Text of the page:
We'll Have a New iPhone Tomorrow! (Yawn)
Tomorrow, Apple will be holding it's annual iPhone-palooza. Announcing what is new about the forthcoming iPhone 7 and why you will need to immediately dislodge money from your wallet to get one.
We already know the basics.
- It will be thinner, lighter, faster, better.
- It will probably have a fancy two lens camera, giving it DSLR-like capabilities.
- It probably won't have a headphone jack.
I'm sure there will be other bells and whistles, but for the most part this all-new device will feel more or less the same. Rumor mills are already starting about next year's iPhone, it will be the 10th anniversary of the device and apparently Apple's goal is the the device feels like it isn't even there, just a slab of glass in your hand your software floating in front of you. We'll see.
All of this has me thinking about when we will hit peak-smartphone. The last major innovation barrier is battery life. Something Apple and Samsung have yet to been able to really address. While it keeps improving, the improvement is nowhere near the pace of processor or display improvement which is demonstrable. Let's say that the secret mad scientists at Apple have sourced a new incredible battery that will improve life 10x and truly change the game, not only that - they've managed to sneak it into the glass-only slab form factor they've dreamed up.
In Other Words, Next Year's iPhone is Perfect.
I know we're a long way away from that, but go with me on this. We now have the perfect smartphone. Samsung copies it a year or so later. Then what? Where does tech go from there?
Well tech writers are doing everything they can to convince you that wearables are most definitely, for sure, absolutely coming and we will all love them. I have no doubt that everything from smart watches to VR helmets will get better, cheaper and more ubiquitous. But, I don't think we're going to see the majority of people need all of these things. I don't know that everyone is going to want to go home, get out of their work clothes and strap a VR helmet to their head. They might want to track their workouts and activity, but hasn't the Fitbit already nailed that?
If not wearables, then personal assistance and in-the-cloud-everything are next, right? People rave about Alexa from Amazon. Personally, Siri has two modes for me, stunning piece of the future in my pocket and drunk girl at the party who should really just go home. My issue with all of these platforms is that they are built on top of poorly constructed under pinnings. Our calendar, email, and task management protocols and platforms are dinosaurs. They don't work well and they sync poorly. No virtual assistant, no matter how well she understands my voice, can really help me if the data in my calendar is flawed or if the data in my email is inaccurate.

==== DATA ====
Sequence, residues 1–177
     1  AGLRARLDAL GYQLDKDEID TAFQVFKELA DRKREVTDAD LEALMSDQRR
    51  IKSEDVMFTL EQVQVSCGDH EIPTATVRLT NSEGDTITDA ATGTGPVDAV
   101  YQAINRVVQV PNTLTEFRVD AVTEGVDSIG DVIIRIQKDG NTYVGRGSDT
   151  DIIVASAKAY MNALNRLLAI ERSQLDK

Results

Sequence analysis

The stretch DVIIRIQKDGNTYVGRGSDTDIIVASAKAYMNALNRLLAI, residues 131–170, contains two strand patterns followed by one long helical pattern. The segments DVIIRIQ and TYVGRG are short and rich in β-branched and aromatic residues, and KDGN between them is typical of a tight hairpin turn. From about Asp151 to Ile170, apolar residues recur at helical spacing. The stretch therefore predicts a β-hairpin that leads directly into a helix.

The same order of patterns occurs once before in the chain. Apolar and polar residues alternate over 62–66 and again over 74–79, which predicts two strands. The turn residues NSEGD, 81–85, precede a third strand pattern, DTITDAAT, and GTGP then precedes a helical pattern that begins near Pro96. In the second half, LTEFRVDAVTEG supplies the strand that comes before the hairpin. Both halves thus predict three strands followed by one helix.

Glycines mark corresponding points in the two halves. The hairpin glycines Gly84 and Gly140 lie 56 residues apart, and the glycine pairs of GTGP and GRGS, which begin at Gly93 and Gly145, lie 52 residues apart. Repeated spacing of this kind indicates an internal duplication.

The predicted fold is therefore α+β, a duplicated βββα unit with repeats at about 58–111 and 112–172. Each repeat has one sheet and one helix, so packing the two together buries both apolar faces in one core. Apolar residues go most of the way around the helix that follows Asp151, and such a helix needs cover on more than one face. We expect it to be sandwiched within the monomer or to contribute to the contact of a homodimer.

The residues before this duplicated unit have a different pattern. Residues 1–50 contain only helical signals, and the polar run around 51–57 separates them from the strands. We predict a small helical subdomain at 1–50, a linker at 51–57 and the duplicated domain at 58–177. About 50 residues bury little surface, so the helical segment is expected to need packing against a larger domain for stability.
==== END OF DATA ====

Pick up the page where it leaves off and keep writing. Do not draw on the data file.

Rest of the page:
Some for instances?
- How is it that I still get calendar invites in the wrong time zone?
- How is it that all of my new contacts phone numbers are all saved as home numbers? Prompting exchanges like this:
"Hey Siri, call Jane Doe."
"Which phone number for Jane Doe, home, home, home or work fax?"
"Fuck if I know Siri."
- How is it that tasks haven't been universalized as pieces of data? How come I can't save a reminder in my iPhone and it actually shows up properly on my Office 365 account?
- Or the million other things that suck about how the most basic data that we move around day-to-day aren't created, saved or recalled easily.
OK, then Smart Guy? So what's next?
I don't think it will be hardware. Because here's the thing, today, right at this very moment, we have smart TVs and phones, tablets, laptops, connected cars, and a plethora of connected devices that can tell us everything right down to when the basement has flooded. The physical devices aren't the issue. The issue today is that the software isn't radically changing the way we live beyond inundating us with useless notifications and addictive pop sugar content. Accessing software in your hand, on the move, is indeed sometimes an improvement over having to sit at a computer. Maps are obviously much more useful when tethered to the device moving around in the car than to the one sitting on your desk. But the mobile experience has reached a plateau.
For all the promise of mobile purchasing, mobile commerce is largely not happening. I am the only jackass at dunkin donuts using my apple watch to buy coffee. I have literally never seen anyone at my local grocery store, mall, or home depot ask if they can pay for something with their phone. Does that mean it will never happen? No, of course not. But if these devices are going to matter, then it isn't going to the hardware that changes things any more. We're long past the days of smartphones being too bulky.
We're about to hit peak iPhone and Apple knows it. The race of the next decade won't be hardware. It'll be software.
Let's see who wins.